Gulab Jamun

Diwali is just a few days away and I jumped onto this opportunity to kickstart my Indian cuisine endeavour. Just like the fall of 2018, I wanna showcase a cuisine which few people know of. You might be wondering why am I saying that only a few people know of Indian cuisine; there are thousands upon thousands of Indian dishes recipes online. Am I delusional?

The word curry is what the English use to name any sauces or gravies they found in India during their colonization. There are thousands upon thousands of different "curries" in India. You cannot find the same food in every mile of the Indian streets; every dish has many different variations and each has it's own unique taste. It is really that complex. Tikka Masala was not even founded in India, it is invented by the English. Naan is from Persia. Even tea was introduced by the English, Indians' main cup of beverages are milk or spiced water. Indian cuisine has suffered a huge misconception.

When you are googling about Indian cuisine, your results will be curries, tikka masala and naan! But authentic Indian dishes are more than just that. Take this dessert for instance. I have never heard or seen of this dish before my research. This is a milk-based dough, fried and bathe in saffron syrup. It sounded so elegant and yet only a few people (outside of India) knows about it.

This is actually my 2nd attempt. I screwed up during my 1st attempt when I was frying them. The 1st mistake was that I used a wok rather than a proper dutch oven. The jamun dough balls stuck to the bottom and I tried to move them panically. The jamun immediately broke apart into pieces. I learnt that by stirring the oil gently with a wooden chopstick helps. Do take note on the frying step. Enuff of my ranting, anyway, I really hope you will give this recipe a try. Here I wish all Hindus a very Happy Diwali.


(Make 12)

  • Syrup:

  • Water, 354g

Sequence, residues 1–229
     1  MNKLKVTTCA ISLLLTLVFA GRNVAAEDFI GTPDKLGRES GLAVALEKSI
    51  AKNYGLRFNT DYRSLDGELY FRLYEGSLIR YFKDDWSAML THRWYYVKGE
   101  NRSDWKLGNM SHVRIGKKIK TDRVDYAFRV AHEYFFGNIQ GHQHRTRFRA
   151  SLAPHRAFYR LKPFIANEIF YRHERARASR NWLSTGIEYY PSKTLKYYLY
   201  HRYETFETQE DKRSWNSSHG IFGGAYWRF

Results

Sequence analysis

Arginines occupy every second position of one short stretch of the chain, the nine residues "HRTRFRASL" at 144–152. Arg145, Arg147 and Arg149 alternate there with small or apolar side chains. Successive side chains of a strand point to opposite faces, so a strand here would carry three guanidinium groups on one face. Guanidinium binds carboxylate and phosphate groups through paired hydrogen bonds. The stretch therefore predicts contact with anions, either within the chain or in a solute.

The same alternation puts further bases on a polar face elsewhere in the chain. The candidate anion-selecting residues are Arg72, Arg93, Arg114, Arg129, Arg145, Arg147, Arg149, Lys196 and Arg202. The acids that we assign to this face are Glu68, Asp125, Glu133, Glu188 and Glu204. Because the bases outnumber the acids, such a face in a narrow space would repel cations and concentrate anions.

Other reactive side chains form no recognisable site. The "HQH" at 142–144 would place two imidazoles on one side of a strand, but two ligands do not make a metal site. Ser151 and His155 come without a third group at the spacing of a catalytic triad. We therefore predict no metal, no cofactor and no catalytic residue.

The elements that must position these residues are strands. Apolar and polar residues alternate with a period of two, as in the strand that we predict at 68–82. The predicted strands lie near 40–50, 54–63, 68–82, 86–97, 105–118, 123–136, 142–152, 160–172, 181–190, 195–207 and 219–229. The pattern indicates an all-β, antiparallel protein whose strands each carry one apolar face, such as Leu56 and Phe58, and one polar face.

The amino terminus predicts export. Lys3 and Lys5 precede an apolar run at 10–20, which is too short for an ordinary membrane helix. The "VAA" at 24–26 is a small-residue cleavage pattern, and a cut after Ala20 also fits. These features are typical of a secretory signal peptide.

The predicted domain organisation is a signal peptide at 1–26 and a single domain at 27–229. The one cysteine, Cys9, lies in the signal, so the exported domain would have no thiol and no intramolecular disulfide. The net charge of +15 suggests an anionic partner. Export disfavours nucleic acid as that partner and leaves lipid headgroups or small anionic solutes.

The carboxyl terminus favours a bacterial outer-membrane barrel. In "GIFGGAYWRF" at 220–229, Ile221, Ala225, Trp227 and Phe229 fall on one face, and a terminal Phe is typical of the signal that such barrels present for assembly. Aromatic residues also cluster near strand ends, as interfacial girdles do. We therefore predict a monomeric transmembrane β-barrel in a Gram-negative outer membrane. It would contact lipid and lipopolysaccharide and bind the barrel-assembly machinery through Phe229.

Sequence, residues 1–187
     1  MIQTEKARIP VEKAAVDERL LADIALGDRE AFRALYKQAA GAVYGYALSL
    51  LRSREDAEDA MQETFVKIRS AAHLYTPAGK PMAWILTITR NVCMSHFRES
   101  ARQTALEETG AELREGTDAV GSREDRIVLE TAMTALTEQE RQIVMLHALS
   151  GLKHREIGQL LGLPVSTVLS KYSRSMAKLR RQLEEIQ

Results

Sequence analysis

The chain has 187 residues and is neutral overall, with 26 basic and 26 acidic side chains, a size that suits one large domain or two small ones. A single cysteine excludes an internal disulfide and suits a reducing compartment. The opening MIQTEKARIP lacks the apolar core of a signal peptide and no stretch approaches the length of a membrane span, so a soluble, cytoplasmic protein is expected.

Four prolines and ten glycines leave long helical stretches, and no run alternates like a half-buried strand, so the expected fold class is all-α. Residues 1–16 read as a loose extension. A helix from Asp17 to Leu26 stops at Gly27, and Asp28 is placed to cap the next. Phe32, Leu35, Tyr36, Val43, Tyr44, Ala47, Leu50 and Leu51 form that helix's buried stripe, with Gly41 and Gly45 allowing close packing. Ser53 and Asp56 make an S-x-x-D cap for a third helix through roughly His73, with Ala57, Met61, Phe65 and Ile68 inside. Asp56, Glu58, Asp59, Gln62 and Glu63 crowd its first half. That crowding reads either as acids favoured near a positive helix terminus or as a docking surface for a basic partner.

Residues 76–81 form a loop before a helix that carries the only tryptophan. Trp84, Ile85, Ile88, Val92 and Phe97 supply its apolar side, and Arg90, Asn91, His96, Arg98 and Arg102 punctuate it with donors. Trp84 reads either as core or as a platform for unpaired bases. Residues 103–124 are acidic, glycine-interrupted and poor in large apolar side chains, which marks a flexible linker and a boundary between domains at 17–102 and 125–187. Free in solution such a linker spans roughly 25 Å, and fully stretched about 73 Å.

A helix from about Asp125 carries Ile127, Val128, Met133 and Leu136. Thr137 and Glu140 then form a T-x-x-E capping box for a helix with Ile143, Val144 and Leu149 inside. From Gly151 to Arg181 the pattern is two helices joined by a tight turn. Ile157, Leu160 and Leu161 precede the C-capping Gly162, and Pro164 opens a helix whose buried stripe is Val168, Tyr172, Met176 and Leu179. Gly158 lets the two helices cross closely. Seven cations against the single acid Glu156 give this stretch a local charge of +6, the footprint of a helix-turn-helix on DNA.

• Granulated Sugar, 200g

  • Green Cardamon Pods, 4

  • Saffron, Pinch

  • Rose Water, 2 TBSP

  • Fresh Lemon Juice, 1/2 Lemon

  • Mawa / Khoa:

  • Ghee, 1 TBSP

  • Whole Milk, 180g

  • Good Quality Milk Powder, 128g

  • Jamun:

  • Unbleached All Purpose Flour, 78g

  • Baking Soda, Pinch

  • Whole Milk, 2 TBSP

  • Rose Water, 1 TBSP

  • Canola / Peanut / Grapeseed / Vegetable Oil, For Frying


  • Sauce Pot

  • Dutch Oven

  • Cast Iron Skillet / Pan


  1. Prepare the syrup.

  2. In a sauce pot over medium heat, add all the ingredients.

  3. Stir to dissolve the sugar.

  4. Bring it up to a simmer.

  5. Once the syrup coats the back of a spoon, remove from heat.

  6. Transfer into a large shallow bowl.

  7. Set aside.

  8. You should have a clear yellowish color.

  9. Prepare the mawa or khoa.

  10. Add ghee and milk into a skillet.

  11. Stir to combine well.

  12. Turn the heat up tp medium.

  13. Add in the milk powder and stir to combine well.

  14. Break up large lumps with the back of a spatula.

  15. Keep stirring until it pulls away from the sides of the skillet and comes together into a dough.

  16. *You have to keep stirring to prevent any burning.*

  17. Remove from heat and transfer into a large bowl.

  18. Prepare the jamun dough.

  19. *The dough has to be prepared while the mawa or khoa is still warm.*

  20. Break the dough into crumbly bits with a fork.

  21. Add in flour, baking soda, milk and rose water.

  22. Combine together into a dough with your hand.

  23. *Do not knead or work the dough.*

  24. Set aside for 10 mins.

  25. Weigh and divide into 12 equal dough balls.

  26. Shape each dough balls tightly into smooth balls making sure no large cracks.

  27. In a dutch oven, add about 4 inches of oil.

  28. Turn the heat up to low.

  29. When a wooden chopstick is inserted into the oil, there should be little bubbling.

  30. Gently drop in all the jamun.

  31. Using that wooden chopstick, gently and carefully stir the oil in a circular motion without touching the jamun.

  32. *This is a very crucial step, because once you touch the jamun, it will break apart and create a mess.*

  33. Keep stirring gently until the jamun float to the surface.

  34. Roll the jamun to allow even browning.

  35. Once the jamun are dark brown in color, fish them out of the oil with a spider.

  36. Drain off excess oil with the spider.

  37. Immediately add them into the syrup.

  38. Make sure the jamun are spaced out from one another, as they will expand even more.

  39. Allow the jamun to soak in the syrup for 2 hrs.

  40. The jamun should expand and become plump.

  41. Ladle the syrup onto serving plate.

  42. Transfer the jamun onto the syrup.

  43. Serve immediately.

#gulabjamun #indian

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